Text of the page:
Quote Originally Posted by sblock View Post
    Yes, the overwhelming majority of those who play without a pick guard are not top players. But the overwhelming majority of those who play WITH a pick guard are not top players, either. In fact, the overwhelming majority of those who play are not top players.

    I resemble that.
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  22. #42
    Mandolin user MontanaMatt's Avatar
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    Default Re: Pickgaurds forgotten?

    I'm a professional player. 1500 shows in 13 years.
    No guards/rest.
    No wear
    Closed fist free movement method.
    I like the look of seeing both f holes.
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  23. #43
    en kunnskapssøker James Miller's Avatar
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    Default Re: Pickgaurds forgotten?

    Quote Originally Posted by Seamus B View Post
    I like Marla Fibish's knuckle groove much more than any pick-guard I have seen. She discusses it from about 3:40 in this video:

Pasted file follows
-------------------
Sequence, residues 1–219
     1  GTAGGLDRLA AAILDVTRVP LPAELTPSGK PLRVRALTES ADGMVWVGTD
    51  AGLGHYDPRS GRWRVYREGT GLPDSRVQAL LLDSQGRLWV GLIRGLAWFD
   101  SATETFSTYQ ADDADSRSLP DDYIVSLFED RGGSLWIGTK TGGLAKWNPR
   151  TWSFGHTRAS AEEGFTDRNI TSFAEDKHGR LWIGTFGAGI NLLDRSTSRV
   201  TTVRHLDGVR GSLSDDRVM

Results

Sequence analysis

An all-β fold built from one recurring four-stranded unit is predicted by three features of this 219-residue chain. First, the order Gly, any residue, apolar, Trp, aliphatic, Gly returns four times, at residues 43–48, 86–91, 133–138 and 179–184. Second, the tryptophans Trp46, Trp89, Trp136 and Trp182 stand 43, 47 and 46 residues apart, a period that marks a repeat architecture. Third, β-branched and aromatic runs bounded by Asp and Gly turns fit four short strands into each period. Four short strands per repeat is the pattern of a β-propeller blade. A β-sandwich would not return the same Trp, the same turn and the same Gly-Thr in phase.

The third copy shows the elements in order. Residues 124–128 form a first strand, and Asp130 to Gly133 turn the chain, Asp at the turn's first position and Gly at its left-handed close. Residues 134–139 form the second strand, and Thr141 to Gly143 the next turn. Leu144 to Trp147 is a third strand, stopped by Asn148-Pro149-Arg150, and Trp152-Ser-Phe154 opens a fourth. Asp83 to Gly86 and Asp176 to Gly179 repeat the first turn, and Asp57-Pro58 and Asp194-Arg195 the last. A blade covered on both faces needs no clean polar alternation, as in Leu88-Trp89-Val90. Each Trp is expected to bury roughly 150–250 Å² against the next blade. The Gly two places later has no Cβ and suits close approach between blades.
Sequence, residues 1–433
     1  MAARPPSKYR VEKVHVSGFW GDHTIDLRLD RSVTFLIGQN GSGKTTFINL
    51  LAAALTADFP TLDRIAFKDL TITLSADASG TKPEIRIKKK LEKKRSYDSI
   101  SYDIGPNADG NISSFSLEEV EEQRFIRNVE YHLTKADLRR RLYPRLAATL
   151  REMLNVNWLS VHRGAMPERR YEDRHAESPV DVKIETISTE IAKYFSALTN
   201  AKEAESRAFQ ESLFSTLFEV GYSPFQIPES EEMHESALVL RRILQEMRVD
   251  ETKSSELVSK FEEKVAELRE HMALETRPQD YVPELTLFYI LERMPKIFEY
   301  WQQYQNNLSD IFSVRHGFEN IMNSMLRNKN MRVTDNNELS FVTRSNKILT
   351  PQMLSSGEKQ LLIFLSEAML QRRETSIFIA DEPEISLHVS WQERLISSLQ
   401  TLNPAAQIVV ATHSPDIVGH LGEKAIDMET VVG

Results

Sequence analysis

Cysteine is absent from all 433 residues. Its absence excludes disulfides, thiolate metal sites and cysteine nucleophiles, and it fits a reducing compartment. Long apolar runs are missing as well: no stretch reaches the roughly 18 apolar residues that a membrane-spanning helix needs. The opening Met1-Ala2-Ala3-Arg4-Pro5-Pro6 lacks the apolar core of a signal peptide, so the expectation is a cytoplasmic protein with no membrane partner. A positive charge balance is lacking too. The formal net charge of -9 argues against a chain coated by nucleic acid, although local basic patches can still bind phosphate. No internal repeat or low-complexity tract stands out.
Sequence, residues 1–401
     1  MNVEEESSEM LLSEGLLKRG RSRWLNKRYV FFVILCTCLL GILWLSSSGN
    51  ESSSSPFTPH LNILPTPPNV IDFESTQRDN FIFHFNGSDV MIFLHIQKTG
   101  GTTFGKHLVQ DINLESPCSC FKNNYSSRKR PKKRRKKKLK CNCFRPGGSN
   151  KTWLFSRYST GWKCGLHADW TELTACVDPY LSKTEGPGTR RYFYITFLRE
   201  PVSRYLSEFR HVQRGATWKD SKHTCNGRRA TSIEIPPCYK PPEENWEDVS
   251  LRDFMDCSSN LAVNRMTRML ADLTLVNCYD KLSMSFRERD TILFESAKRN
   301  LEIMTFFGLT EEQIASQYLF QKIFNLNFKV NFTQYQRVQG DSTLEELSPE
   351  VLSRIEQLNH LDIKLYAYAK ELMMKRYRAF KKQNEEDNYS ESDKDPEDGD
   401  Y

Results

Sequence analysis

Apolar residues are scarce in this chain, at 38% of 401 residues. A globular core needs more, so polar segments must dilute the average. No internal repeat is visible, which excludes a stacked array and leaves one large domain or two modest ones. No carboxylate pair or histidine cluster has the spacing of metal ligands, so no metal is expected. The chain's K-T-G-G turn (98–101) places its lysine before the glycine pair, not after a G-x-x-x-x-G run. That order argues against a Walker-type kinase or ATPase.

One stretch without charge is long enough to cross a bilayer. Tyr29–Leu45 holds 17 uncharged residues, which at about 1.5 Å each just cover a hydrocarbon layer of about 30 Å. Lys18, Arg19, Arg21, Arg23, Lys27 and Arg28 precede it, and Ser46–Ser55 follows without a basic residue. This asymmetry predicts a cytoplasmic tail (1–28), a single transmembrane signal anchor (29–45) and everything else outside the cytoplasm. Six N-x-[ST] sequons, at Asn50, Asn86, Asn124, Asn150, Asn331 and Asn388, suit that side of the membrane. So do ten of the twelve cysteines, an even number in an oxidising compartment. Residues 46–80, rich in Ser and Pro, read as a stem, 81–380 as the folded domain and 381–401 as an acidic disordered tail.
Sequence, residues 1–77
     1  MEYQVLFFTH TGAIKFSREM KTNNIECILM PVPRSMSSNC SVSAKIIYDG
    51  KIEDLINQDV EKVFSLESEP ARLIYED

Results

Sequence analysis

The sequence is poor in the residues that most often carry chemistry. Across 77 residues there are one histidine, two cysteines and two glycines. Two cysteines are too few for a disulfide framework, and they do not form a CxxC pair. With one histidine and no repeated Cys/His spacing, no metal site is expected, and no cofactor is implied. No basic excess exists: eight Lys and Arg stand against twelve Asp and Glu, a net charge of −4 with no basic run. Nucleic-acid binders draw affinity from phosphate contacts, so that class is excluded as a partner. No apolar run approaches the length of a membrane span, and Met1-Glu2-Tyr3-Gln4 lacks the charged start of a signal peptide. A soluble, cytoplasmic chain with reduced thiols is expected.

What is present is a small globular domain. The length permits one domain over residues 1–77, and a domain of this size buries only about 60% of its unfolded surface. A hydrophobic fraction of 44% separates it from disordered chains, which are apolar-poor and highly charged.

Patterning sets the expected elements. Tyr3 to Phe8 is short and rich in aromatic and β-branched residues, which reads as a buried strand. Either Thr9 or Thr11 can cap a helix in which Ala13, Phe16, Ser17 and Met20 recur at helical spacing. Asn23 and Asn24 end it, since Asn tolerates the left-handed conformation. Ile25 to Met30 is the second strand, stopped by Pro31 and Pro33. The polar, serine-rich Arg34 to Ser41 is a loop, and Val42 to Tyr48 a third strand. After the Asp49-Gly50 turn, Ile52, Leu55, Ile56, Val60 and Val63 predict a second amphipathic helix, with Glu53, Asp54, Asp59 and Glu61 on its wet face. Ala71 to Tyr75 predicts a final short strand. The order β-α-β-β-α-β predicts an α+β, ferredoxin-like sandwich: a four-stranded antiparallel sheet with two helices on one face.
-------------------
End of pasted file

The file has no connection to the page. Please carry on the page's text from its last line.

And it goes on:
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  24. #44
    en kunnskapssøker James Miller's Avatar
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    Default Re: Pickgaurds forgotten?

    Some pickguards are well made...
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  25. #45

    Default Re: Pickgaurds forgotten?

    Pickguards are decorative, and many of them cover some of the lower f-hole. Most instrument decoration just looks ugly to me - scrolls, binding, inlay - and have no reason to cover an f-hole. Decoration also costs money to maintain. For instance, I just paid to have the binding on my old Martin guitar repaired and the deteriorating pickguard replaced.

    Neither of my mandos came with pickguards. Wouldn't have liked them as much if they did.

    Never noticed what other folks are doing - didn't know it was a fad. But it's nice to know I'm cutting edge after all these years!

  26. #46
    mandolin slinger Steve Ostrander's Avatar
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    Default Re: Pickgaurds forgotten?

    Not a fan. Don't use them. In case anyone is taking a poll.
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  27. #47